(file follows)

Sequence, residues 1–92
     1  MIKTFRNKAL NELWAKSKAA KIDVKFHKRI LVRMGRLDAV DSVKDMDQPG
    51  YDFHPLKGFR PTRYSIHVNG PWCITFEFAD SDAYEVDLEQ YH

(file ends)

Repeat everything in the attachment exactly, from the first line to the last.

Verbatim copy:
Sequence, residues 1–92
     1  MIKTFRNKAL NELWAKSKAA KIDVKFHKRI LVRMGRLDAV DSVKDMDQPG
    51  YDFHPLKGFR PTRYSIHVNG PWCITFEFAD SDAYEVDLEQ YH